Given some of the wines I consume, I sometimes think I deserve a reward. And finally, here it is. A wine with reward points. Actually, a wine with its very own loyalty scheme.
Now, I’m a little wary of loyalty schemes. Every other shop and service seems to ask me whether I possess their loyalty card. “How dare you, madam,” I am often tempted to answer. “Do I look like one of your regular customers?”
Or, perhaps, “Are you saying that some people come back?”
Mrs K, however, carries around a wad of loyalty ID like a deck of playing cards. There’s one from the poncy bread shop, one from the gastropub, and several from coffee bars, the very word ‘several’ surely making a mockery of any concept of loyalty. She also has a sophisticated one from the chemist, where I hope never to be returning myself unless I develop a loyalty for verrucas.
So wine is late to the game. Reward schemes have been around for quite a while now; some forty years ago, my father used to collect the vouchers from his Players No6 cigarettes. Designed to look like tiny banknotes, they sat in a sideboard drawer like miniature wads of cash in a villain’s briefcase. Eventually he would have enough for a ‘gift’, from their glossy catalogue. Little did we realise he was smoking himself into an early grave, although I believe someone did publicise the absurdity of the scheme by asking how many coupons they required for an iron lung.
Then there were Green Shield Stamps. Someone has calculated that, in order to get sufficient stamps for a Kenwood Chef in 1965, you would have had to spend £1024, the price then of a large family car. A single book of stamps cost £32 to acquire, which would be a staggering £511 today, and could be exchanged for…a mouth organ.
In moments of boredom I confess I have participated in online surveys, where I have earned Air Miles, thanks to my fictitious demographic of an immensely affluent globetrotting father of nine. I’ve earned, ooh, several Air Miles. I could probably fly for nothing, right now, from Gatwick to, say, Stansted.
But primus inter pares is the Nectar card, upon which we accumulate hundreds of points by shopping at Sainsbury’s, and driving our car unnecessary miles in search of BP petrol stations. Now, don’t get overexcited. 500 Nectar points gives you £2.50 to spend at Argos, or Amazon. Which means that spectacular-sounding, TV-advertised offer of 1000 Nectar points – a thousand! – when you buy your car insurance through a particular website is actually worth…a fiver. A whole £5.
So it was with mixed emotions that I saw this bargain bottle of Berberana Riserva Rioja, proudly announcing its “One Cork, One Point” rewards scheme. “Log In, Collect Points, Get Rewards” the back label confirms.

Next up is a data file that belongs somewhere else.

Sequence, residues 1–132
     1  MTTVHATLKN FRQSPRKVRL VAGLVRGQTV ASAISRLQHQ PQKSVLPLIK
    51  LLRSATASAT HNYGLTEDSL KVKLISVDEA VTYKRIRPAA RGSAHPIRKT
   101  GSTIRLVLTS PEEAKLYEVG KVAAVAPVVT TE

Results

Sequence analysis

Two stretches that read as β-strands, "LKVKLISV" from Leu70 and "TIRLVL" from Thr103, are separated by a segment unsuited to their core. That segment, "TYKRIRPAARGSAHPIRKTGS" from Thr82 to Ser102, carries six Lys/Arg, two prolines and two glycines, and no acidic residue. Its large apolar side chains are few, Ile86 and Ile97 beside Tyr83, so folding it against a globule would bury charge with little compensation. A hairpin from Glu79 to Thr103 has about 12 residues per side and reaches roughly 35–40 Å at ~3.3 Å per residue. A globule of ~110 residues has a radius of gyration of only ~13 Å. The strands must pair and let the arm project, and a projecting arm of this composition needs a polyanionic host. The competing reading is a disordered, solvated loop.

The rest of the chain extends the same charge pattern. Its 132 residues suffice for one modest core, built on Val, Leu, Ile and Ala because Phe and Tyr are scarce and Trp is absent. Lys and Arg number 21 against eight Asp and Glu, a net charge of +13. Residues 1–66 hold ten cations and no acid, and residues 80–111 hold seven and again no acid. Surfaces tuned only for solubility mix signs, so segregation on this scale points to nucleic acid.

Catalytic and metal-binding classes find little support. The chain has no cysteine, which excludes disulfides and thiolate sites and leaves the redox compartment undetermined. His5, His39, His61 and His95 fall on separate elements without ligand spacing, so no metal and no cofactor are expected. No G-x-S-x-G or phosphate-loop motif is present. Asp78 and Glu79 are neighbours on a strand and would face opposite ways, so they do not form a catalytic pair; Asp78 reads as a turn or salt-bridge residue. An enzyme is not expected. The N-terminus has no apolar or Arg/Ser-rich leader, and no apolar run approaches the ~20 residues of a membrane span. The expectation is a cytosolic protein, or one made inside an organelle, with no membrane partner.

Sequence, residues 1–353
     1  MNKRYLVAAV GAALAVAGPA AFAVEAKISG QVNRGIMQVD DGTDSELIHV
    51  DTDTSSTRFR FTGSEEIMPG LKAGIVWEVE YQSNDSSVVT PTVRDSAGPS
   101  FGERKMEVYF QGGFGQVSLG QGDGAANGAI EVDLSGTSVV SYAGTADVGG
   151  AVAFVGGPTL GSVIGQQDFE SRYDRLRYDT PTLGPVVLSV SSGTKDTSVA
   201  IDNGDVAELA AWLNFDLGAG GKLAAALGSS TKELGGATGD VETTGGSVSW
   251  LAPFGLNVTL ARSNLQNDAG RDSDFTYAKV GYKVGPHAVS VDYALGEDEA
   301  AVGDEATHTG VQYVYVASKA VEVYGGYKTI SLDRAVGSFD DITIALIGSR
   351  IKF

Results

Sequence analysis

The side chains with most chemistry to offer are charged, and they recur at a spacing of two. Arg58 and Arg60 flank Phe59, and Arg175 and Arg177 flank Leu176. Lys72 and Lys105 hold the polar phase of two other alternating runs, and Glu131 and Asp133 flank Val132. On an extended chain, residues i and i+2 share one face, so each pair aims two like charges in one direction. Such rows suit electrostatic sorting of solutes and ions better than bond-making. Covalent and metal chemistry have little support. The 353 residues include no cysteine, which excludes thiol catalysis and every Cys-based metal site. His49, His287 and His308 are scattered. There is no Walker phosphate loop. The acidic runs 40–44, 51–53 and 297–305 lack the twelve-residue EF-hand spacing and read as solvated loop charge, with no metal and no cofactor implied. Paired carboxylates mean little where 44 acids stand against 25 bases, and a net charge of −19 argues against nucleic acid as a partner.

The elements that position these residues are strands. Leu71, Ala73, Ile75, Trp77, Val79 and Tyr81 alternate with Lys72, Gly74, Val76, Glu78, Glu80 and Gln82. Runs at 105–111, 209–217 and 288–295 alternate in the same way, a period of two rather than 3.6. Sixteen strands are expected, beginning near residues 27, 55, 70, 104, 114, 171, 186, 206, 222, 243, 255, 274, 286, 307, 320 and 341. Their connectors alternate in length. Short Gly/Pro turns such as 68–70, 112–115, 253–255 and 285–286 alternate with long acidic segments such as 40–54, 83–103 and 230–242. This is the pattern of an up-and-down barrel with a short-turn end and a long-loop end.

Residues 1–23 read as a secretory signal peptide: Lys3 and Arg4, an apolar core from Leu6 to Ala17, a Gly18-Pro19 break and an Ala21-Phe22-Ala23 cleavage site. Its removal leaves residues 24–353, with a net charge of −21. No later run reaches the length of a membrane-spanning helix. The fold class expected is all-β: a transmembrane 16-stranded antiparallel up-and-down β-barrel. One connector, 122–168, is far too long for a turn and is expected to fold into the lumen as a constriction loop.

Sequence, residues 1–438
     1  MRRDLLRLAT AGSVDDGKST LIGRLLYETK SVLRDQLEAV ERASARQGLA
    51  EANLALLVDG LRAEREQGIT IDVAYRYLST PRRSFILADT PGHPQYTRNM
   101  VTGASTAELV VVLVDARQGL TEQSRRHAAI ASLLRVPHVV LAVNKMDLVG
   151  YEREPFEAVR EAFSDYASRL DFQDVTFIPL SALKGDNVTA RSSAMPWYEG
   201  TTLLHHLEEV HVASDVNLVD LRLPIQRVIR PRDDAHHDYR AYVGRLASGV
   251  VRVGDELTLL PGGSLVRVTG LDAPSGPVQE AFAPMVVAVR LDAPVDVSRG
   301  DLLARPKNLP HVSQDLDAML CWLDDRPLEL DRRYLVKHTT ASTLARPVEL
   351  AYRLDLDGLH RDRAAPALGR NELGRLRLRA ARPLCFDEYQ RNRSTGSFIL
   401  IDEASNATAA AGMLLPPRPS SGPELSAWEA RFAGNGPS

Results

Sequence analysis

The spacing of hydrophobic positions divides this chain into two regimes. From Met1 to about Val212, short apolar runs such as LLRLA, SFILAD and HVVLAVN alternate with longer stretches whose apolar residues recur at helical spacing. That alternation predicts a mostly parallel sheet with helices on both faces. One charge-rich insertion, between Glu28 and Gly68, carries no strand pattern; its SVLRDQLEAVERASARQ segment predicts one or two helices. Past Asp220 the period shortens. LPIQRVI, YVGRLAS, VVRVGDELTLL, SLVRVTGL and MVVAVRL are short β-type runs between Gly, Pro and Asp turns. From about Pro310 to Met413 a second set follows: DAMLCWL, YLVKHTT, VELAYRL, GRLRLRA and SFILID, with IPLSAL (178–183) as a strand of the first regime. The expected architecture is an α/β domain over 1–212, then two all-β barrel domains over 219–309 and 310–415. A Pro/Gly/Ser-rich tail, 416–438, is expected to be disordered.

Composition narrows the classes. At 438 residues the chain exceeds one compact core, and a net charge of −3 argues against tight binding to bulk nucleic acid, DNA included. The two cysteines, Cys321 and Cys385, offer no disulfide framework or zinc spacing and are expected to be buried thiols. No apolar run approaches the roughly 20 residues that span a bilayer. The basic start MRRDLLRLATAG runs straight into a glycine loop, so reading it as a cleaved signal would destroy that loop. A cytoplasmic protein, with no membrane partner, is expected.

I think I will approach with due suspicion any wine which has to reward people for drinking it. And a first, tentative and somewhat unsatisfying sip confirms that this is a mediocre, drinkable but actually rather unrewarding wine. However, I am to be compensated for my efforts! I hurry to their website for my reward, like a child promised a sweet after cough medicine.
And of course, it’s a letdown. Out of 17 ‘rewards’, 12 are from venues like hotels which are part of the same conglomerate as Berberana itself. Not one is particularly appealing to me. For 5 points, I can claim two free glasses of wine at their London restaurant; frankly, after getting through 5 whole bottles of this stuff, the last thing I’d want is two glasses more. And the points required for rewards rapidly escalate, through 10, 30 and 75 points (eg bottles), until they are eventually asking 100 points for a “luxury” reward.
Now, I’m sure that Berberana are not suggesting that they are encouraging us to drink to excess. Nevertheless, I do feel it would be medically ill-advised to actually set out to drink 100 bottles of mediocre wine.
This is not because of the consumption of what I calculate to be 1,010 units of alcohol, or just over eight months’ constant daily drinking at current NHS guidelines.
It has more to do with the potentially violent reaction of one’s wife, as case after case of Berberana are ferried through our front door like Mickey’s brooms in Fantasia.
“Don’t worry dear,” I’d cry, as the boxes pile up into a Rachel Whiteread sculpture, “My liver can take it, and at the end we’ll have a luxury two nights at the Hacienda Zorita in Spain.
“Travel not included.”
Realistically, the only people I can imagine collecting all those corks are waiters and event organisers, pocketing the points from bottles other people have paid for.
If you are unfortunate enough to pay the full price of this wine, you will spend £1049 to gain your reward of two nights in their hotel. Where you will stay in ‘luxury’ alongside a bunch of off-duty waiters. And never mind that, you will have to consume more than eight entire cases of utterly mediocre wine.
For which I would expect far greater reward. Like, two mouth organs.